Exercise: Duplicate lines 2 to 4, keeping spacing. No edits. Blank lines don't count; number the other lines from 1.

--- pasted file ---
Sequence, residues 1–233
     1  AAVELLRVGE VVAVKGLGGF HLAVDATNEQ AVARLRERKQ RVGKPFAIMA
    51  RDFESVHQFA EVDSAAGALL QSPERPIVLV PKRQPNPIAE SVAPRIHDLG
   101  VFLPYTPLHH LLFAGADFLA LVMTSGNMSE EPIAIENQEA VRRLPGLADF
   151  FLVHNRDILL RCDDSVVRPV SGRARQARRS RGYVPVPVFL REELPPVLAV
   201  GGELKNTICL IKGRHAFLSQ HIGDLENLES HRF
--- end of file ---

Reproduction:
     1  AAVELLRVGE VVAVKGLGGF HLAVDATNEQ AVARLRERKQ RVGKPFAIMA
    51  RDFESVHQFA EVDSAAGALL QSPERPIVLV PKRQPNPIAE SVAPRIHDLG
   101  VFLPYTPLHH LLFAGADFLA LVMTSGNMSE EPIAIENQEA VRRLPGLADF